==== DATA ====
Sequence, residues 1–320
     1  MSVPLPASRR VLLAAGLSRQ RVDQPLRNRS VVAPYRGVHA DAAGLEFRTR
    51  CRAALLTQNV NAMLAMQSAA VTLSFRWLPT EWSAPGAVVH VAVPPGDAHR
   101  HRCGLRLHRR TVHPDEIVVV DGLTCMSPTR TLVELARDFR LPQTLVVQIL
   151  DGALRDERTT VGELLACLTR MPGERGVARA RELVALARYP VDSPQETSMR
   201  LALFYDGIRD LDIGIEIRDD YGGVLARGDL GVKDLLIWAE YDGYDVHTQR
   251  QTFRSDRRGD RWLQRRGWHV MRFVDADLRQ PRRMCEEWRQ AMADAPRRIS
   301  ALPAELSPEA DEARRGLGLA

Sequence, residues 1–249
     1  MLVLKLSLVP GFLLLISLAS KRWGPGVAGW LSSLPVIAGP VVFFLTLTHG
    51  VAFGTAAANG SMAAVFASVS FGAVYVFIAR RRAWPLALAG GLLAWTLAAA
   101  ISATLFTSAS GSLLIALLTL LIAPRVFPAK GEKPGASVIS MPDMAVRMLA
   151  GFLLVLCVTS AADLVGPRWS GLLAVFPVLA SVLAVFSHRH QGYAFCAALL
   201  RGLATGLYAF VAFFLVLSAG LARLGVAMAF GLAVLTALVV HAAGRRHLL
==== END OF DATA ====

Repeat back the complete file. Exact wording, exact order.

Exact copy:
Sequence, residues 1–320
     1  MSVPLPASRR VLLAAGLSRQ RVDQPLRNRS VVAPYRGVHA DAAGLEFRTR
    51  CRAALLTQNV NAMLAMQSAA VTLSFRWLPT EWSAPGAVVH VAVPPGDAHR
   101  HRCGLRLHRR TVHPDEIVVV DGLTCMSPTR TLVELARDFR LPQTLVVQIL
   151  DGALRDERTT VGELLACLTR MPGERGVARA RELVALARYP VDSPQETSMR
   201  LALFYDGIRD LDIGIEIRDD YGGVLARGDL GVKDLLIWAE YDGYDVHTQR
   251  QTFRSDRRGD RWLQRRGWHV MRFVDADLRQ PRRMCEEWRQ AMADAPRRIS
   301  ALPAELSPEA DEARRGLGLA

Sequence, residues 1–249
     1  MLVLKLSLVP GFLLLISLAS KRWGPGVAGW LSSLPVIAGP VVFFLTLTHG
    51  VAFGTAAANG SMAAVFASVS FGAVYVFIAR RRAWPLALAG GLLAWTLAAA
   101  ISATLFTSAS GSLLIALLTL LIAPRVFPAK GEKPGASVIS MPDMAVRMLA
   151  GFLLVLCVTS AADLVGPRWS GLLAVFPVLA SVLAVFSHRH QGYAFCAALL
   201  RGLATGLYAF VAFFLVLSAG LARLGVAMAF GLAVLTALVV HAAGRRHLL